59: In Search of the Lost Mail

Jakarta Bound is a travelogue about life in one of the largest and most densely populated cities in South East Asia.

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My new apartment was supposed to have wifi, but the signal was really weak, so I plugged in the ethernet cable, opened up Firefox on my laptop and waited… and waited… and waited… It was ridiculously slow; I mean it was practically useless.

I spent almost an hour waiting to get the Royal Mail website to load, put in my tracking number to track my letter, which was at ‘kantor pos’ in Tajung Duren, then for Google Translate to tell me that ‘kantor pos’ is actually the word for post office in Bahasa, then to do a search for the place, which seemed to be very close. With all that done, I was finally good to go.

I used the Google navigator on my phone to get the location of the kantor pos, which seemed to be in the middle of a space behind the Taman Anggrek mall, so I went on to the street to get an ojek driver to take me there. I showed the driver the location on my phone and he pointed to the Taman Anggrek mall. Then I remembered, I had already been to a mail carrier company in there the week before to ask them if they had received anything for me from Royal Mail, which they hadn’t. So I explained to the ojek driver as best I could that I was looking for a “kantor pos” to collect a letter from England. Fortunately, he knew a little English and seemed to know where to go. He gave me the spare helmet that all ojek drivers have for their customers. I reluctantly pulled the sweaty headgear over my head. I fumbled with the knotted chinstrap for a while before the driver adjusted and fastened it for me. I then got on the back of his bike and we headed toward Tanjung Duren.

After going through the maze of little streets in Tanjung Duren we soon pulled up outside a little building that was raised off the ground and had wooden steps leading up to its doorway. The driver stopped, took off his helmet and, with a big smile, pointed to the building; “Kantor pos”, he said.

I gratefully removed my sweaty helmet and got off his bike. He then led me up the little wooden stairs and into the building. He said something to the two male clerks behind the front desk – I assume he was explaining who I was and what I wanted. Still smiling, he asked me for 10,000 IDR for the journey. I paid him, gave him his helmet and he left me with the clerks in the post office.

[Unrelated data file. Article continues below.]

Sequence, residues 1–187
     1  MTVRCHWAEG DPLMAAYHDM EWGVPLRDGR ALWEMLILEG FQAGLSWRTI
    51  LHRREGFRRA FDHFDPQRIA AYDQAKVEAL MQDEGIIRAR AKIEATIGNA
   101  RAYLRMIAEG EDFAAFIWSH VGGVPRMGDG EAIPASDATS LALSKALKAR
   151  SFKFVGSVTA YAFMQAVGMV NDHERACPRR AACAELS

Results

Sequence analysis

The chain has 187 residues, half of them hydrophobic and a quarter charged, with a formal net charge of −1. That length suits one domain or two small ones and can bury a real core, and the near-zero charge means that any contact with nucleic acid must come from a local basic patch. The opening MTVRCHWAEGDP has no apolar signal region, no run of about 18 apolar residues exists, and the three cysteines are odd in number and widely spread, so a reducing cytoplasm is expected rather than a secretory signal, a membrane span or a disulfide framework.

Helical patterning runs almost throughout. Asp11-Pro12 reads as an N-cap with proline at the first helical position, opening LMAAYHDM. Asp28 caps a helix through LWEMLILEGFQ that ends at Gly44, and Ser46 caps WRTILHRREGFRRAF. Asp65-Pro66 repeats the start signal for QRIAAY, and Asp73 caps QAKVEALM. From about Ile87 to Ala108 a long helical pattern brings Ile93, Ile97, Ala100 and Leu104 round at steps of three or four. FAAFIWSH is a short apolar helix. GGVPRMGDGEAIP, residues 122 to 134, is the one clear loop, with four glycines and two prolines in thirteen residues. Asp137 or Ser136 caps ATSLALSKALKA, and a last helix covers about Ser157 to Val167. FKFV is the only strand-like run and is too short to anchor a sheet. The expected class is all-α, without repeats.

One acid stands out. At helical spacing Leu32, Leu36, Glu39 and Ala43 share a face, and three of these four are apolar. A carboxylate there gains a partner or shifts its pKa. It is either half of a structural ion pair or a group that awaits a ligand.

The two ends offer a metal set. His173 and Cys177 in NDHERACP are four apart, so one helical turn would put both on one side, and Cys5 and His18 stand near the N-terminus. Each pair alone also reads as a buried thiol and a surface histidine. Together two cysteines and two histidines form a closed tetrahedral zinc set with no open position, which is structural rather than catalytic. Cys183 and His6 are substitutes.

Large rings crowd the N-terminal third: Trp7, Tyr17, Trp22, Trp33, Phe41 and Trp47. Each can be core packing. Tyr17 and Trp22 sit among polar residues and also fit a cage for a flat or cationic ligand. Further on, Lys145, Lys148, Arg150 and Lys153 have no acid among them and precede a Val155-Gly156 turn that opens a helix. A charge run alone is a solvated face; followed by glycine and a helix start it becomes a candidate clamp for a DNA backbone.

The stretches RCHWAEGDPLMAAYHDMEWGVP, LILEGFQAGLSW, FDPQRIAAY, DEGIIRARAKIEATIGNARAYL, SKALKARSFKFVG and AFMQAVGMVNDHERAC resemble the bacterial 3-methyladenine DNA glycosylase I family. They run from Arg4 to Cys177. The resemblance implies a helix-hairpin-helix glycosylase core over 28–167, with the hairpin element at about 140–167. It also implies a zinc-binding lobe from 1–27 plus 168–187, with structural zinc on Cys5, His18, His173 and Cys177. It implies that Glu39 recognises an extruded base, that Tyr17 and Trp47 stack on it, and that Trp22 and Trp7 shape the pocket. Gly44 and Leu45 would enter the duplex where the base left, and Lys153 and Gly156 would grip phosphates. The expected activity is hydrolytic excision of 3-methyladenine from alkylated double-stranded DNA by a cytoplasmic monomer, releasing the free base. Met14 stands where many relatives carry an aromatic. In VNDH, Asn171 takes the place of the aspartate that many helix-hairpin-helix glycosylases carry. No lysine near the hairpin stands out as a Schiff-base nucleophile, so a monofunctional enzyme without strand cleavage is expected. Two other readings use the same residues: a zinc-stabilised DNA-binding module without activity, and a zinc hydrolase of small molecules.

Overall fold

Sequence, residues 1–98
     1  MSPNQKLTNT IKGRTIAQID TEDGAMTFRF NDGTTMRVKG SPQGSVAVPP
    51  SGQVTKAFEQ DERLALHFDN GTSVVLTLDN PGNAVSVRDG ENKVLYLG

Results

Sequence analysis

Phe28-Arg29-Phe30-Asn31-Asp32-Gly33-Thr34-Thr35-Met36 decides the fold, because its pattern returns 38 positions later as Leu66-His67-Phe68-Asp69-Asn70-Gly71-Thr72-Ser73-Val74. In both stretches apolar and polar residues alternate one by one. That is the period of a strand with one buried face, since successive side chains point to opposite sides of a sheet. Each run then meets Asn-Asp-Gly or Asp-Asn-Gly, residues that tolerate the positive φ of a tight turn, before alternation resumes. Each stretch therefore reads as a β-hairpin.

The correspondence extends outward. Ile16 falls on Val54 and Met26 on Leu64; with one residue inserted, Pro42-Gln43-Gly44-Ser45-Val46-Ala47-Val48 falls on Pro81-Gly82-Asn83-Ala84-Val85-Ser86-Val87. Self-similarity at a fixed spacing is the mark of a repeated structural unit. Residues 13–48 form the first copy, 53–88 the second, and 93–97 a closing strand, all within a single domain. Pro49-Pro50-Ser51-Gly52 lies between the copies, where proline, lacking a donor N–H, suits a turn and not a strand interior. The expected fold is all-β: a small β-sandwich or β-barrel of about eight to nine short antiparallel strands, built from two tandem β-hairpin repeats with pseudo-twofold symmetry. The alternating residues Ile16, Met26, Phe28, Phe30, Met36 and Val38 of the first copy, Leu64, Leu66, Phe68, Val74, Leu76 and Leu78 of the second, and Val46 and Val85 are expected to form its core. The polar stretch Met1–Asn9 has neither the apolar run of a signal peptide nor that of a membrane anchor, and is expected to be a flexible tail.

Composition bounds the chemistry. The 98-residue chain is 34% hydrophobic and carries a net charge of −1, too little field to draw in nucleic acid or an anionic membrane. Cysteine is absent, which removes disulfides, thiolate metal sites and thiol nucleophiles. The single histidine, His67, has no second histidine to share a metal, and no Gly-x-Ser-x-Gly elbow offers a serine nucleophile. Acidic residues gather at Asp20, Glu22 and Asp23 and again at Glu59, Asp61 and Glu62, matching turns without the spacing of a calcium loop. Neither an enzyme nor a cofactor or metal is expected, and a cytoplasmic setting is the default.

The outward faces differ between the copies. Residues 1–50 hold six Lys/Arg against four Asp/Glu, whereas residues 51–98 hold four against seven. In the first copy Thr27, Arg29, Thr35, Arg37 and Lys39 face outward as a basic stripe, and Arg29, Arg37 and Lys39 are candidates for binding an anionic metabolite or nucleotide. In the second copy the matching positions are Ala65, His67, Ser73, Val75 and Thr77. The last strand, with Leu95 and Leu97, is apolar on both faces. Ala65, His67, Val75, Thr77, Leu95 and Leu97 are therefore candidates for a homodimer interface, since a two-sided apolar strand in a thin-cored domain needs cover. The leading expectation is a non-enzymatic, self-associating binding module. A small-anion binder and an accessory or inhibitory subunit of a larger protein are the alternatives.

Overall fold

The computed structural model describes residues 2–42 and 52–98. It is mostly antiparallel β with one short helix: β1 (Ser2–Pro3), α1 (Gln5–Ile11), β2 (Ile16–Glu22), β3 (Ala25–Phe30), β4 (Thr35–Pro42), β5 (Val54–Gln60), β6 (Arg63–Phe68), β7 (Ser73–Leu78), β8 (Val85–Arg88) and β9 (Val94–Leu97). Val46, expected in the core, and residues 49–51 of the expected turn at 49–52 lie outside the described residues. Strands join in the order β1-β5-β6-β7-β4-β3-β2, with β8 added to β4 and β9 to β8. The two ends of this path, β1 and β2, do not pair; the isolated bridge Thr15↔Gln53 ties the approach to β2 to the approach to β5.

The Tanjung Duren post office was like the rest of Tanjung Duren, shabby. It was very hot inside and there was no air-conditioning to cool the place down, just a little desk fan that was directed toward the clerks; any loose paper or documents were impaled on stick bill forks or under paper weights. Behind the clerks were piles of packages and letters that were stacked up in what to my untrained eye seemed like no kind of order. Shabby, shoddy and rag-tag as it was, the two clerks, despite not understanding a word of English, were friendly and helpful. In that respect, it was superior to any similar such set up you might find in London.

Normally, my Google Translate app would have given me the basics to communicate my needs to these men, but it was having a timely I’m-not-working-now-hahahaha moment, as it was prone to do at times of need. So again, para-linguistics was all I had, and it was all I needed. When I showed them the tracking number for my letter that I’d typed into my phone, they seemed to know exactly what I was looking for and where I could find it. They entered into a discussion between themselves, typed some details into an ancient computer whilst I stood there with my fingers crossed. However, they weren’t going into a back area to get anything and they weren’t looking amongst the piles of letters and parcels that were strewn around the room. But then again, they weren’t shaking their heads, stroking their chins and looking confused either. This meant that my letter was definitely somewhere, just not there, but they knew where, because one of the men was drawing a map and writing something in Bahasa on a piece of paper. He then said something, not a word of which I could interpret yet I fully understood. He was telling me that my parcel was not at their post office but at a depot of some sort that was only a short distance away. He came from behind the counter and took me outside. He called a very, very old man over, they exchanged words, the old man went off and got two helmets and called me over to his moped. It was all very clear. This old man was going to take me to the depot on the direction of the post office clerk. I was actually enjoying this little adventure. I felt like Indiana Jones in search of the Holy Mail.

I thanked the post office clerk, got on the back of the old man’s moped and we rattled off through the maze of streets and canals and out of Tanjung Duren and onto a large road that I recognised as Daan Mogot.

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2 thoughts on “59: In Search of the Lost Mail

  1. Sounds like me, trying without Hebrew to pay my electric bill. In those days, you didn’t mail bills. You went to wherever you got the bill, in this case the electric company and stood on line to pay them. I did that. It was the wrong building. Eventually, someone walked me to the OTHER one. I wasn’t sure about the money, either, so I just handed it over and someone took some and gave me the rest. Ah, those were the days! There was no wifi yet, you see. I’m not sure wifi improved it, either.

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